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About Morning Oregonian. (Portland, Or.) 1861-1937 | View Entire Issue (June 8, 1915)
THE MORNING OREGOXIAN. TUESDAY, JUNE 8, 1915.
N A SIGN
Treaty Regarding Outer Mon
golia Is Made Finally.
RUSSIA IS TO DOMINATE
Pckin and PetrogTad Guarantee Au
tonomy, Conditioned on Right of
Larger Governments to Ap
prove Internal Relations.
LONDON, June 7. A Reuter dispatch
from Petrograd says that the special
envoys of Russia, China and Mongolia
signed today at Kiakhta, Siberia, the
triparte treaty regarding the autonomy
of Outer Mongolia. This treaty was
agreed on after a conference that has
lasted for nearly a year.
By the terms of the agreement China
will retain a nominal suzerainty over
Mongolia, but neither China nor Rus
sia will interfere with the administra
tion of Mongolia's internal affairs.
WASHINGTON. June 7. The signing
today at KiakJita, Siberia, by repre
sentatives of Rucisia, China and Mon
golia of a treaty establishing the
status of Outer Mongolia marks the
removal of one of the main obstacles
to a complete understanding between
China and Russia, according to views
in Washington diplomatic circles.
The prolonged negotiations, lasting
nearly a year, have been watched with
closest interest here. According to
some diplomatists from the East, the
new treaty really provides for a return
to conditions that existed for nearly
a century in Mongolia, and up to the
revolution of 1912. whereby Mongolia
secured recognition of her independence
by formal treaty with Russia. The
substantial difference between the new
and old order of things lies in the
formal acceptance of Russia's dominat
ing influence in the external relations
of Outer Mongolia.
The new convention provides for a
Joint guarantee by China and Russia
of Mongolian autonomy, conditioned on
the recognition of the right of China
and Kuseia to be consulted In all ques
tions affecting the external relations
of Mongolia. A Chinese representative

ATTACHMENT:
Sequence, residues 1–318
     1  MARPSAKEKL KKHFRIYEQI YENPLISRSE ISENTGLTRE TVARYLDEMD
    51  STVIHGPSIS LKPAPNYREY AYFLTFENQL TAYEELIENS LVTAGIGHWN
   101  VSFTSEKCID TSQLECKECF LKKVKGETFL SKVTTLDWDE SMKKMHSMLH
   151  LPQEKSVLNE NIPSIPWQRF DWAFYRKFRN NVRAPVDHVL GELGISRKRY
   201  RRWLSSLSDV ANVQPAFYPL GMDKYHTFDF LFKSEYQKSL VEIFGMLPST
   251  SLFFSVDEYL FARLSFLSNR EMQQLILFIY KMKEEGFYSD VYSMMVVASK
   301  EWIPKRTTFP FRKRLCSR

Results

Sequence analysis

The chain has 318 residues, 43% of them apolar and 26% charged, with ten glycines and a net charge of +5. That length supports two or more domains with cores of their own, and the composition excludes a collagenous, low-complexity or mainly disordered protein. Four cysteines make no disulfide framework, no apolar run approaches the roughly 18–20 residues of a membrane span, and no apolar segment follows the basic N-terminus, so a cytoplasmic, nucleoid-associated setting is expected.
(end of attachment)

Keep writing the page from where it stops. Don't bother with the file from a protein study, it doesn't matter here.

with his staff is to remain in Urga,
capital of Outer Mongolia, which is
to have the privilege of maintaining
a Chinese guard of ample proportions
to protect his mission. The "Living
Buddha" is recognized as the head of
the Outer Mongolian government, cor
responding in the exercise of his func
tions to the Grand Llama in Thibet.
The treaty does not in any way af
fect Inner Mongolia, which remains
under Japanese Jurisdiction, which was
confirmed in treaties recently signed
land, of Pittsburg, are registered at the
Mr. and Mrs. J. W. Lightner, of Eu
gene, is at the Cornelius.
W. E. Rocknill, of Spokane, is regis
tered at the Multnomah.
Mr. and Mrs. W. M. Nutly, of Baker,
are registered at the Imperial.
Mr. and Mrs. J. K. Hamblin, of Gar
field, Nev are at the Nortonia.
Mr. and Mrs. Frank Caldwell, of
Wenatchee. are at the Cornelius.
Mr. and Mrs. E. Brahan, of Green Bay,
Wis., are registered at the Eaton.
S. Taku. of Toklo, Japan, of the Mit
sui Company, is at' the Multnomah.
. Mr. and Mrs. H. E. Vincent, of Chi
cago, are registered at the Nortonia.
Thomas Cuck and family, of Inde
pendence, Mo., are at the Multnomah.
Mrs. J. A. Fulton and Misses Madge
and C. Fulton are at the Imperial, reg
istered from Astoria.
Messrs. George E. Martin and Thomas
H. Rogers, of McMinnville, were regis
tered yesterday at the Eaton.
PARADE CHIEF IS CHOSEN
OLIVER JF.FI'EUY GRAND MARSHAL
FOR FLORAL PAGEANT.
CraittrBucta Be Made on Grand
Anne Tbat All Participants Hay
View Each Float.
Oliver K. Jeffery yesterday was ap
pointed grand marshal of formation of
the floral parade, the great daylight
. fZ - v t
f I ' I
Oliver Iv. Jeffery, Grand Marshal
for Floral Parade.
BOISE HAS 165 GRADUATES
Commencement Will Re Held Friday
With Senator Borah aa Speaker.